What is driving the decline in job seeker interest? One factor is that the mismatch between healthcare workers and healthcare jobs is greater than the mismatch in the overall economy. Some of this is due to healthcare’s high licensing requirements.
Healthcare tightness is affected by a metro’s aging population
We looked at which metros are experiencing the biggest healthcare labor market squeezes and also examined how a metro’s share of those 65 and older is related to job seeker interest in healthcare positions.
Springfield, MO tops the list of metros with the tightest healthcare job markets. In 2019, Springfield’s healthcare job postings received only 42.3% of the clicks of the average posting in that metro.
When controlling for a metro area’s total population and average clicks per posting, as the share of people 65 or older increases, clicks per posting on healthcare jobs fall. Of the 10 tightest metros, seven have a higher share of people 65 or older than the national average.
This isn’t because fewer people are participating in the labor force in these metros, but is due instead to healthcare employers’ greater need for staff to care for aging populations.
At the same time, the number of workers interested in healthcare job postings doesn’t quickly rise to match employer demand, leading to fewer clicks per posting. What this means is that as a metro’s population ages, the supply of healthcare job seekers relative to demand is likely to tighten further. This could spell bad news for Baby Boomers and Gen Z-ers alike, who could experience longer wait times and overworked staff because of insufficient staffing.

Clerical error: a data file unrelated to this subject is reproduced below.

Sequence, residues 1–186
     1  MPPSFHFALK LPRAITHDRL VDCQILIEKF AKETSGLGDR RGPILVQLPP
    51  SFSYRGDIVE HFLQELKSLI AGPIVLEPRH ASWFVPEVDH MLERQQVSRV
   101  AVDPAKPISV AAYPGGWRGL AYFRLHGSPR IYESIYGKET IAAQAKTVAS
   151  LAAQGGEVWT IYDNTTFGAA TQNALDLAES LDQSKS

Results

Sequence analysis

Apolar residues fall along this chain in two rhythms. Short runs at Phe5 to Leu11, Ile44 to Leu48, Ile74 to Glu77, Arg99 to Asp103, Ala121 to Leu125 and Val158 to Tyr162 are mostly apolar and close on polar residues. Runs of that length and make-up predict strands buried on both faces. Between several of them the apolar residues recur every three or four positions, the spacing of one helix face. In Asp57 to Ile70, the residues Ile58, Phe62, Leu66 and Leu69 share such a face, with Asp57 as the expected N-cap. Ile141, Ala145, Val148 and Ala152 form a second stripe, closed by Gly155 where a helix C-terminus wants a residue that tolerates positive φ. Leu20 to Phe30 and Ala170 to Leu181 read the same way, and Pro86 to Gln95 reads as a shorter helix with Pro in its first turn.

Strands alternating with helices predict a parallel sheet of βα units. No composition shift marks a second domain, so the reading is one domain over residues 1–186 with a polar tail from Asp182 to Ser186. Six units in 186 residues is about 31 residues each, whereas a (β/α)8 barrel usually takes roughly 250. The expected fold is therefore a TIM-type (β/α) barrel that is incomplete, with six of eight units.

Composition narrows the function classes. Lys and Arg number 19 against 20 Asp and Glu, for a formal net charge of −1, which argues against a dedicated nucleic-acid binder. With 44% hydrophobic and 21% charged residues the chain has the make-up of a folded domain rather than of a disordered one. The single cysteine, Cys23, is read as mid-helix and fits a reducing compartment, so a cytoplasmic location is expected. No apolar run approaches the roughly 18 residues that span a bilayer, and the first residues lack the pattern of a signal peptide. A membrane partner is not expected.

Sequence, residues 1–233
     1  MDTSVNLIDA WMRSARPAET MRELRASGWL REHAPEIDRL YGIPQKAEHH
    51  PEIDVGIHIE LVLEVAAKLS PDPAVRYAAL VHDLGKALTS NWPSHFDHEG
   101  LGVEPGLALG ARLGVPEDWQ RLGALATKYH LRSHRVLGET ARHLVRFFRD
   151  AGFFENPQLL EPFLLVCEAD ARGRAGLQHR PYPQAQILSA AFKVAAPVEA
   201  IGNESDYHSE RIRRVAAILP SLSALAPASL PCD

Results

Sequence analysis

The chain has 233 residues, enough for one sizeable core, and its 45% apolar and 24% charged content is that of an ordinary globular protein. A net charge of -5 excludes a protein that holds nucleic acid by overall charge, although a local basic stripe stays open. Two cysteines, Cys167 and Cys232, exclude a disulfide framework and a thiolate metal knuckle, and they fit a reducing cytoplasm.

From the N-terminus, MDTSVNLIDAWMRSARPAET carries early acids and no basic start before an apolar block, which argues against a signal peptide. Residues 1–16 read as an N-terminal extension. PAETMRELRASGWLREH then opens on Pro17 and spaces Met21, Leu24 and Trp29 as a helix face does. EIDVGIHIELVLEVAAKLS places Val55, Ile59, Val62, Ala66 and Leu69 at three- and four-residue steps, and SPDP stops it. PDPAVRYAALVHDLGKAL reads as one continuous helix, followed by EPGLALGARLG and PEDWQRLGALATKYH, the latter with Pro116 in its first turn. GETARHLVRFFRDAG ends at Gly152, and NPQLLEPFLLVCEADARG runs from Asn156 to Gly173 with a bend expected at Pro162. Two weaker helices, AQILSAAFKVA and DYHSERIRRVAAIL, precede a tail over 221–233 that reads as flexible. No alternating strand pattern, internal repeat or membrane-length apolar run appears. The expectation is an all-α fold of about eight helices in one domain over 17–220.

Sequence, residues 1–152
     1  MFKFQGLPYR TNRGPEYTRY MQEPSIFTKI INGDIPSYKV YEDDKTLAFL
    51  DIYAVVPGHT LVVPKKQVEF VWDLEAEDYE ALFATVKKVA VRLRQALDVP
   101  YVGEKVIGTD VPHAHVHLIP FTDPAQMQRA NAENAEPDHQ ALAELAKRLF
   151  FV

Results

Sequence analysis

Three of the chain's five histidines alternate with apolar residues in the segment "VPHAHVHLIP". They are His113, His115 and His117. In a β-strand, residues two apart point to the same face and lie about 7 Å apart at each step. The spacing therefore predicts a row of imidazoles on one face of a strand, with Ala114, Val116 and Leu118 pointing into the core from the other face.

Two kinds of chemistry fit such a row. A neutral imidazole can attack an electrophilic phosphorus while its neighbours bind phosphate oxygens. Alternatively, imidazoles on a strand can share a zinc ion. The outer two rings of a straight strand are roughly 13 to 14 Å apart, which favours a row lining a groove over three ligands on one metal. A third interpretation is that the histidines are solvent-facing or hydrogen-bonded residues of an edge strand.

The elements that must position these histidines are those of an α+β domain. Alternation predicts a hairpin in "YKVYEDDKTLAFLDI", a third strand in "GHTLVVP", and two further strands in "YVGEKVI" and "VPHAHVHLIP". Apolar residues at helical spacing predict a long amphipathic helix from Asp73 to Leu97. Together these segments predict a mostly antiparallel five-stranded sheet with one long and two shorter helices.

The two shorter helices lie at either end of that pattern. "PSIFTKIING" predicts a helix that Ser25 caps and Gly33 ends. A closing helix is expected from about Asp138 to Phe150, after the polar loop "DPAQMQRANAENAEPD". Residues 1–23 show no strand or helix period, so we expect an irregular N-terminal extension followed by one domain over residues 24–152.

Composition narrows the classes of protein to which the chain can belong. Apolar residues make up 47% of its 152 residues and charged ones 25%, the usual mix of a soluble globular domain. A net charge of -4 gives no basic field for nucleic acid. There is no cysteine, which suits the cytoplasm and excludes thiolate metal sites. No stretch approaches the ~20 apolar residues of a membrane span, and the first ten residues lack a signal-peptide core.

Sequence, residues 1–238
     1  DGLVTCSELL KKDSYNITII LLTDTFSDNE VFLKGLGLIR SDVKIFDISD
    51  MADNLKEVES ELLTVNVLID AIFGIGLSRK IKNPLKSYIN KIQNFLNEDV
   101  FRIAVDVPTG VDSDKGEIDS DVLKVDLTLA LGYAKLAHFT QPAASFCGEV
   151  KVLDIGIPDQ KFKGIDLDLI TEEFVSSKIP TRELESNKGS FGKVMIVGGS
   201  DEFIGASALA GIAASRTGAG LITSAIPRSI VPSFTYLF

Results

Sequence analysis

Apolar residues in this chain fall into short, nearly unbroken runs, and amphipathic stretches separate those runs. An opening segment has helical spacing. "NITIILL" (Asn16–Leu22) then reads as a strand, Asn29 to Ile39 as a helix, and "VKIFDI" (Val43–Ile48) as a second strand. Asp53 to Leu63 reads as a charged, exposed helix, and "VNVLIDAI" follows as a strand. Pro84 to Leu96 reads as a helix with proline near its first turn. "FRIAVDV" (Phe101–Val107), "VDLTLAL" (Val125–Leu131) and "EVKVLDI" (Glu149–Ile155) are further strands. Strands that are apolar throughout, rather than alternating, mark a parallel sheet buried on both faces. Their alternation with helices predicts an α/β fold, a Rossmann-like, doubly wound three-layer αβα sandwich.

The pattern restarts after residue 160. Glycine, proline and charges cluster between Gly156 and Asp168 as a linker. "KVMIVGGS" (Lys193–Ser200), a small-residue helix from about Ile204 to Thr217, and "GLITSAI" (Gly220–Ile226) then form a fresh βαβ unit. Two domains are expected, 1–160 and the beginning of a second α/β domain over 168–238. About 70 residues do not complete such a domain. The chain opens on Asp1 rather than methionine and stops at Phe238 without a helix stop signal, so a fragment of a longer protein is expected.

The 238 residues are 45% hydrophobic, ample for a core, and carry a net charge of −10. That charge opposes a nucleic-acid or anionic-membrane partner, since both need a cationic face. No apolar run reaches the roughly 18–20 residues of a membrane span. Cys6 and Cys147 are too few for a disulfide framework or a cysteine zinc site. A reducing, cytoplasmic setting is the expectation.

Top employer searchers are concentrated in healthcare
How are employers responding to the tightening healthcare labor market? The answer is they are becoming more aggressive in seeking out healthcare talent. Of the top job titles searched by employers in 2019 on resumes uploaded to Indeed, six were healthcare-related. Registered nurse led the pack, while licensed practical nurse and certified nursing assistant were also among the top five.
The most heavily searched job titles, including healthcare and non-health-related occupations, are tough to fill. For the top 20 search terms, the share of employer searches outpaced the share of job seekers with a similar job title on their resumes. For example, the share of employer searches for the term “physical therapist”’ was over four times the share of job seekers who had that occupation as their most recent job title.
Raising wages could help
Since mid-2019, average hourly earnings for healthcare and social assistance workers has dipped below that of the typical American job. The Labor Department’s Employment Cost Index, which measures total compensation and controls for changes in a sector’s occupational mix, has shown a similar trend since early 2017. It’s not clear what is driving this relative pay decline, but in part it may reflect falling union membership.